Game theory is a well-known idea in economics â€" economists who have helped devise the strategy won the 2005 Nobel prize. It's also important in actual business, especially for how it approaches negotiations (though gametheory.net features in its lecture notes section alone general strategy, competitive and cooperative strategies, management, and finance, as well as bargaining).
But what about game practice? Can games teach business leadership skills? The folks at CCP, the maker of Eve Online, argue that their game is excellent simulation for running a business in the real world. In their favor, the game is built on the idea of corporations in space, and there are CEOs who run organizations that can employ 3,000 people. Many of those people are specialized, working on mining and other kinds of economic production, trading and management. It also has had corporate espionage, scams and failed IPOs.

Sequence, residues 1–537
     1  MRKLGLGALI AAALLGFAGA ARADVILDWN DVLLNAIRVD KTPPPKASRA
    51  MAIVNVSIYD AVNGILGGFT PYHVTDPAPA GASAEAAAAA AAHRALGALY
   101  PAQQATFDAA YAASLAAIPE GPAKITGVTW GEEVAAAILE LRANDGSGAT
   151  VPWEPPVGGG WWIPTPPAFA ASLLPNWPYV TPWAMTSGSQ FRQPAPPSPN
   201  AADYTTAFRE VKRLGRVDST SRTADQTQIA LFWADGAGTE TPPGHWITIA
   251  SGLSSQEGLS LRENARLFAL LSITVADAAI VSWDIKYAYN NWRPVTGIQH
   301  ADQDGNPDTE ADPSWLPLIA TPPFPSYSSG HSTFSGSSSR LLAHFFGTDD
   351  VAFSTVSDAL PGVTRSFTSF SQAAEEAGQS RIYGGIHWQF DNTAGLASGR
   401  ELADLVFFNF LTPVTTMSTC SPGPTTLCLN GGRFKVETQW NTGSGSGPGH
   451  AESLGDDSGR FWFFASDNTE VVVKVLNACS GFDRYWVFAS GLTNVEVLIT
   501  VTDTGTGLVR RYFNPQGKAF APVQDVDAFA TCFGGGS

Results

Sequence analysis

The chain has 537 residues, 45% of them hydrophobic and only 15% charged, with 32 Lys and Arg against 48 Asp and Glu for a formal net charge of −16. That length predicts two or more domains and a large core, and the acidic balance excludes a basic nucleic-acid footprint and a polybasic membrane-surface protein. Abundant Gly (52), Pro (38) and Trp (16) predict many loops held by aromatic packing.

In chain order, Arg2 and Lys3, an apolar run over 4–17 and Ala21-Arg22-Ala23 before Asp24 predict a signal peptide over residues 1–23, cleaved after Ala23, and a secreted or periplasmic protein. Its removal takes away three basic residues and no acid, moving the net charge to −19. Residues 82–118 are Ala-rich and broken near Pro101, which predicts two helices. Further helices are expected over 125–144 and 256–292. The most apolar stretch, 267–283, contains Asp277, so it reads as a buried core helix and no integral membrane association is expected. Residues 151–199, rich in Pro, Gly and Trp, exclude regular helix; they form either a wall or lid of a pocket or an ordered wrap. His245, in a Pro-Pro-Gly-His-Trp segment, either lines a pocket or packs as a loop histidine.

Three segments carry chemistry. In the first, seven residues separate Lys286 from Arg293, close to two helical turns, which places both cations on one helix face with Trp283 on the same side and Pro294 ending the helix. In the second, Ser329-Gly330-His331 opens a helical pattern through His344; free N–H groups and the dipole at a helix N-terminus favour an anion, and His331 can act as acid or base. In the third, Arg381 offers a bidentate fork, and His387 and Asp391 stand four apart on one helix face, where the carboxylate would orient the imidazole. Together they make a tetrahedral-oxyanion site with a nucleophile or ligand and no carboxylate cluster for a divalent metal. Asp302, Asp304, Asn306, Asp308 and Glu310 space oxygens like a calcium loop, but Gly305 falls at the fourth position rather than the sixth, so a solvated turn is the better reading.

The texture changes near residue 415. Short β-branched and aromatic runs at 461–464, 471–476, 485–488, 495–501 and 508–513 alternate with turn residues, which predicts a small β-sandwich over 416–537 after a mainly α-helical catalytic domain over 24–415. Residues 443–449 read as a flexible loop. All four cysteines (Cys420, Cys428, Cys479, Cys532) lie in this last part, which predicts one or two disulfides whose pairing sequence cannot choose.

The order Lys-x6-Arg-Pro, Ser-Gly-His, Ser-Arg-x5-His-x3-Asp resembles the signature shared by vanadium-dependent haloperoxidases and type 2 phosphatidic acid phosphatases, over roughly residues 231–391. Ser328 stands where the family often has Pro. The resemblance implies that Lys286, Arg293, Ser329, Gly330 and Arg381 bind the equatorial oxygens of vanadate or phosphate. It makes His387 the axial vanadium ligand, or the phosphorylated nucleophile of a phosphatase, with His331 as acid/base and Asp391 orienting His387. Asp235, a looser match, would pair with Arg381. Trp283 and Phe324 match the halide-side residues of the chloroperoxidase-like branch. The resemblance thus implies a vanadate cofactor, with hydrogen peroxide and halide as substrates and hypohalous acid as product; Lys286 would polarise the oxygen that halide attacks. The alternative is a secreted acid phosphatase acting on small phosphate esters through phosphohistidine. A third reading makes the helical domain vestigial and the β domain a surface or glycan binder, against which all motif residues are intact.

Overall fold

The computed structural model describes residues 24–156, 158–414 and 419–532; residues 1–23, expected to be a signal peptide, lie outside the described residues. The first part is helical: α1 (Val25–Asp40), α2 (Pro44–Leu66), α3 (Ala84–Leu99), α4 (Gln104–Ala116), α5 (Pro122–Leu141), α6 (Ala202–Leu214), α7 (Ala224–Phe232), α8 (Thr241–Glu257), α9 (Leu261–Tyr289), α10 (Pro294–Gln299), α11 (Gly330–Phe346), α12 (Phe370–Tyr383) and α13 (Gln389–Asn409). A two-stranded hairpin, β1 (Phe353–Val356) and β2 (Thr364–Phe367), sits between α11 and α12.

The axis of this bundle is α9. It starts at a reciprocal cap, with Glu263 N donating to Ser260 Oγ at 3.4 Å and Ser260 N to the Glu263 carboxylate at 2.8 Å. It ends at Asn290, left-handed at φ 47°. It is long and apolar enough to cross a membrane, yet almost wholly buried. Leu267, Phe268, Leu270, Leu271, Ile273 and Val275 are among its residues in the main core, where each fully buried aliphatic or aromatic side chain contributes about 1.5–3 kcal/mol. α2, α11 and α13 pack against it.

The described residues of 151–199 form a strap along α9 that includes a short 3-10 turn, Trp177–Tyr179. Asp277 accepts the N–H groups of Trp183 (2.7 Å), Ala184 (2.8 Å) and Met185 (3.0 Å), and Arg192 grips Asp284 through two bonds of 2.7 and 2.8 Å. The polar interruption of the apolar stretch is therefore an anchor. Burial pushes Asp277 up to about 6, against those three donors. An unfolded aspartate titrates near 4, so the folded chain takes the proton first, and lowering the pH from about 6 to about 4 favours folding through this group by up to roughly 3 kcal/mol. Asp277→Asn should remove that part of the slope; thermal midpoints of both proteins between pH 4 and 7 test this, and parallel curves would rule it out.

The company hired an economist to study the market behavior of the game and help set monetary policy. He told me that he thought the game was a perfect model for testing economic theory. It's also discussing how to use the game to teach business principles with at least one college, though there's no set deal.
Perhaps this comment from a Financial Times article, Gamers Hone Capitalist Skills Online, is most telling: a real-life CEO says that being a successful CEO in the game took up so much of his time he had to quit, for fear of undermining performance in his real job.
Nobody wants their management talent spending all their time in a virtual world. But this game might be a good way to screen management talent, and may have some talent for training. If nothing else, you'll know that players can be dedicated to a company.